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Making a Simple Wet Pallet
November 8, 2014 by Mxrcr23r
This is Caleb here from WGC Next Level Up Painting. Earlier in the week we talked about using a wet pallet over at the WGC Artists Facebook group and I'm writing today to show how to make a quick and cheap wet pallet.

What You Will Need

So first the Materials list. For this we will need a lid from a disposable plastic food container. I like the Glad ones. We want one with a relatively flat center and a raised edge We also need a couple sheets of paper towels. The thicker and more absorbent the better.

Lastly we need Parchment Paper. Make sure it's not waxed paper. I like the Reynolds Brand but whatever is available at your local store will work.

Setting It Up

So the first thing I will do is take a sheet of paper towel and fold it up about 3 times. Then I will cut this to fit inside the plastic lid. Then I will add water until it just covers the paper towel. I want just enough so the parchment paper isn't floating above the paper towel but sitting on it.

Now I will add the parchment paper. When the parchment paper is put on top of the paper towel and starts to absorb the water it will curle. Just use a weight of some type to hold the edges down. After a few minutes they will stay down. I use paint pots. You don't want to flip the paper over though. That will cause water to pool above the paper. We don't want that.

Using the Wet Pallet

Now I'm ready to use my wet pallet. I will put small drops of the paint I want to use on the parchment paper. With dropper bottles this is easy. With paint pots like GW or P3 I use the back end of my paint brush to grab some paint and put it on the pallet. Don't use the bristle end of the brush as this will allow paint to build up and ruin the brush. Always use the back.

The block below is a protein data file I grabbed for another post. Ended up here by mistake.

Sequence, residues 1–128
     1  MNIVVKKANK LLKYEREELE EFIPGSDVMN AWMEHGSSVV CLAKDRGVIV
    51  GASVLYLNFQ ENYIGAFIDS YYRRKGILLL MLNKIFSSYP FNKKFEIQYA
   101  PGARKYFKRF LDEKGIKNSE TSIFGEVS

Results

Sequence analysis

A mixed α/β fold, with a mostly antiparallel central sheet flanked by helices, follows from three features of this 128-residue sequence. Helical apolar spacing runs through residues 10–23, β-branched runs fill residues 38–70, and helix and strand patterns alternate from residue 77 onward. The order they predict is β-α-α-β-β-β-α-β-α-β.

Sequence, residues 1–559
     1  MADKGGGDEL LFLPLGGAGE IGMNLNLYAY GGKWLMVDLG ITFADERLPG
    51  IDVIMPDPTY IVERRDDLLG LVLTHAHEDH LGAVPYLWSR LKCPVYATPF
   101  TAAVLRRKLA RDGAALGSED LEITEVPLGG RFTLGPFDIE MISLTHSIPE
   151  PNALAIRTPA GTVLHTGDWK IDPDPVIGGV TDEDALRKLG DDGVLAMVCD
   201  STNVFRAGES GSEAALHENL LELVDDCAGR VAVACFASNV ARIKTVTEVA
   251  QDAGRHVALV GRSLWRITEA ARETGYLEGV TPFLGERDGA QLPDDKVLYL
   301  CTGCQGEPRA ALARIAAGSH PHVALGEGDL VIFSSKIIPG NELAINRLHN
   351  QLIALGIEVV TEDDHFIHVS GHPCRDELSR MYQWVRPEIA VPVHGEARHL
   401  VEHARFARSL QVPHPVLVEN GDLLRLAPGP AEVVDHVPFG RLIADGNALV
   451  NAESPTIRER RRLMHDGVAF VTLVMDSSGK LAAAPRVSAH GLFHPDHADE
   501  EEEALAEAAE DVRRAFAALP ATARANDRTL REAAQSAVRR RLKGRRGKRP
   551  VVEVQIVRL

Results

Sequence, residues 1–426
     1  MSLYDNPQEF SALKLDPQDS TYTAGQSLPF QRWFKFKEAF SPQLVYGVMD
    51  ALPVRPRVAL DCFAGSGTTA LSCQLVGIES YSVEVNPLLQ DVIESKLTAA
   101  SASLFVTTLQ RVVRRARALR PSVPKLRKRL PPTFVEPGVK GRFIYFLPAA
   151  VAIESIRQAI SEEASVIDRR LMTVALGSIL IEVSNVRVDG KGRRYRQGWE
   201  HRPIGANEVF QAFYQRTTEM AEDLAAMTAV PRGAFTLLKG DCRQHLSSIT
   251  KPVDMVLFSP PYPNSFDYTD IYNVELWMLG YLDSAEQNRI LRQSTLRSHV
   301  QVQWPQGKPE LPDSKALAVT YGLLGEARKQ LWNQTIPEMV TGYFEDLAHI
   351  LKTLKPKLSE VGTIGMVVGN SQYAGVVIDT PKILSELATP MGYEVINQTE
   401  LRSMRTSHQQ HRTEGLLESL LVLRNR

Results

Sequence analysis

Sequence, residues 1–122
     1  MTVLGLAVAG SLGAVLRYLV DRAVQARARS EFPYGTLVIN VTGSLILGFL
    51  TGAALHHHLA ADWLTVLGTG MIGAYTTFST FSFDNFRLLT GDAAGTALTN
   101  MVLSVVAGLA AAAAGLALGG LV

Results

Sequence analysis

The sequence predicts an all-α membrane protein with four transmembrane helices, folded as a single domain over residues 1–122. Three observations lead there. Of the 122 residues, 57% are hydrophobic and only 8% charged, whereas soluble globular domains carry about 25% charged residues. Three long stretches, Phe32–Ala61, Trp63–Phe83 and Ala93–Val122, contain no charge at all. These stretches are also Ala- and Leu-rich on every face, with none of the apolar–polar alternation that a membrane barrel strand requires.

Now I can start mixing my colors and apply them to my project Here in using a light skin tone, grey , and purple to paint a dark elf on a banner .

The purpose of the wet pallet is to allow you to maintain a constant consistency. I read of people using their paint on a wet pallet days after they put it down. This doesn't work for me. After a few hrs my paint will start to separate as it absorbs water.

It will for a time produce a skin on top of paint and the mix will dilute near the paper.

This isn't the reason for the wet pallet. I use it to keep my thinned paint constant until I finish my paint session for the day. Then I will throw the paper away and allow my wet pallet to dry out.

This is just one way to make and use a wet pallet. As I mentioned before, I use more wet pallet to keep the consistancy of the paint during a session. Some people may keep it closed to store the paint to use at a later date. Either way, I hope this article helps you get started on using a wet pallet.

For more Painting and Hobby discussions, check out the WGC Artists Group.
About the Author
Caleb is a multiple Crystal Brush Awards winner and loves to pass on the knowledge and techniques that he has learned from some of the top painters in the hobby. He enjoys seeing his students gain in ability and skill. He is always willing to stop and help any hobbyiest with questions or problems they may have.
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